The Immigration Health Surcharge (“IHS”) is a compulsory fee for non-EEA nationals who apply to enter or remain in the UK to work, study or join family for a period that exceeds 6 months. This applies even to those that hold private medical insurance.
The fee allows non-EEA nationals to use some services on the National Health Service (“NHS”) without additional cost, in the same way as British and EEA nationals. The fee does not exempt certain types of services such as prescriptions, dental treatment and eye tests.
Currently, the IHS fee is £400 per year for each year that the visa will be granted, and is payable upfront at the time that the application is submitted. The Home Office has announced that the fee is set to rise to £624 on 1 October 2020.
The UK Government plans to unveil a “new” immigration system from 1 January 2021, requiring all EU and non-EU nationals to enter the UK on an appropriate immigration route and to pay the IHS fee. The change will mark the end of the Brexit Transition Period and the end of Free Movement between the UK and EU Member States.
Whilst there are exemptions to allow some migrants to forego the IHS fee, the majority of non-EU nationals who enter the UK (including those who work within the NHS and as care workers) have been obliged to pay the IHS fee. Boris Johnson’s spokesman has stated that the Prime Minister had asked the Home Office and Department for Health to exempt NHS and care workers “as soon as possible” from the obligation of paying the IHS fee. Whilst more details are expected to be announced shortly, it is expected that the plan will include exemptions for all NHS workers, including porters and cleaners, as well as independent health workers and social care workers.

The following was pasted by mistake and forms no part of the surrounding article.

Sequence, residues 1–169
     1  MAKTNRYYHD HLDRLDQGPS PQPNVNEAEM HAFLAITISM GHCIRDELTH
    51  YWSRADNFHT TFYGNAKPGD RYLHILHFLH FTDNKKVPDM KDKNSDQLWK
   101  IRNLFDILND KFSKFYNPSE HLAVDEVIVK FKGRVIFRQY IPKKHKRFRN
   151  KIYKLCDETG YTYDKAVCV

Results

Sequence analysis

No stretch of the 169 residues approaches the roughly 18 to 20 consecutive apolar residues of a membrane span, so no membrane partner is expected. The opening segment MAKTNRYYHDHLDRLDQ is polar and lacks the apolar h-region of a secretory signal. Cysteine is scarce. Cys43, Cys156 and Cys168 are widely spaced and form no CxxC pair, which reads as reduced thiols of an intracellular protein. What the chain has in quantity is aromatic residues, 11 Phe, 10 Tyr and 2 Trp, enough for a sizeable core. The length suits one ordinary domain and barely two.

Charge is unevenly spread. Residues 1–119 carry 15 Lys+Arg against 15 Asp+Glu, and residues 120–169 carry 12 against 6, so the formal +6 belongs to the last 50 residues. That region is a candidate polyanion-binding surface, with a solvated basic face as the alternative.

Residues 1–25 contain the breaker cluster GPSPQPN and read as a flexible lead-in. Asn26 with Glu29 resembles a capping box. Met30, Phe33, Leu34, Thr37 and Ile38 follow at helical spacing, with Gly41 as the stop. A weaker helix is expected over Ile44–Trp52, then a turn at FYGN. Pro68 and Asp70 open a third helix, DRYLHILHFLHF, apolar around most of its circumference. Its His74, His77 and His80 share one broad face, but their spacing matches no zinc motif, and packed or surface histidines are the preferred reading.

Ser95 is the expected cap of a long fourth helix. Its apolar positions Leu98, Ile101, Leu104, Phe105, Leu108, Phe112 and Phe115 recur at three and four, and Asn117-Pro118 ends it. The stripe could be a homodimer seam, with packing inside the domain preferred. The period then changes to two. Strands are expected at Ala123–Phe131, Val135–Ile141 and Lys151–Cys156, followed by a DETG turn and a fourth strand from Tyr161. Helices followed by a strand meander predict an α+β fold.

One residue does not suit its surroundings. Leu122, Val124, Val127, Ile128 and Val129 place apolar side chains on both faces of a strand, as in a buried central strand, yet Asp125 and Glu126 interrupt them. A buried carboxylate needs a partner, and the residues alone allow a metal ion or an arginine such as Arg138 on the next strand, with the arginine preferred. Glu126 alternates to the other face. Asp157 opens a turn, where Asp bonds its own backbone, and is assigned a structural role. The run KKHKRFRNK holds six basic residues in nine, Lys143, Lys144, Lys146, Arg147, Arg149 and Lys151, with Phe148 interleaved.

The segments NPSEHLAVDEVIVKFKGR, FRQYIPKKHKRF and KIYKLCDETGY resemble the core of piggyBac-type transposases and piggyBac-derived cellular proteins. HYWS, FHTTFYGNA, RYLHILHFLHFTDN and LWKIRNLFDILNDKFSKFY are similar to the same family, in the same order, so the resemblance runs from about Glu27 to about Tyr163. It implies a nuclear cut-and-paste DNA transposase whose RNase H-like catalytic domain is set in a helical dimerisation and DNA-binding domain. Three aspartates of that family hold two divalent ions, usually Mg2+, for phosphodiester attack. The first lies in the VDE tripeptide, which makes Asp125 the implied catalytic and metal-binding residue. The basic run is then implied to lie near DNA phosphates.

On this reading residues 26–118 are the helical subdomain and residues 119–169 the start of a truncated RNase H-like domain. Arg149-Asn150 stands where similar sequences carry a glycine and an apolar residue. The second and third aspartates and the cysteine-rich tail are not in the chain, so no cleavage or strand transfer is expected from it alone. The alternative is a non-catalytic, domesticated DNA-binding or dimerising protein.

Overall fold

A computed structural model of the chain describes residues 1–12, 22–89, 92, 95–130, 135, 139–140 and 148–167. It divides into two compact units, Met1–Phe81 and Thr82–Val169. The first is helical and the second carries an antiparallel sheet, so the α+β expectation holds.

Whilst there has been much debate over Home Secretary Priti Patel’s proposed immigration plans for 2021, the recent announcement regarding the IHS waiver for NHS workers is a clear indication of the recognition and appreciation of such migrants in the present circumstances.
The Home Office has also recently published a Coronavirus Bereavement Scheme that automatically grants Indefinite Leave to Remain in the UK for family members of NHS, health and social care workers who have died as a result of COVID-19. It’s regretful that their service is not appreciated irrespective of the circumstances and only when their lives are on the line.
Gherson has extensive experience with all aspects of UK immigration law. If you have any questions or queries relating to such applications or in relation to the changes as detailed above, please do not hesitate to contact us.
The information in this blog is for general information purposes only and does not purport to be comprehensive or to provide legal advice. Whilst every effort is made to ensure the information and law is current as of the date of publication it should be stressed that, due to the passage of time, this does not necessarily reflect the present legal position. Gherson accepts no responsibility for loss which may arise from accessing or reliance on information contained in this blog. For formal advice on the current law please don’t hesitate to contact Gherson. Legal advice is only provided pursuant to a written agreement, identified as such, and signed by the client and by or on behalf of Gherson.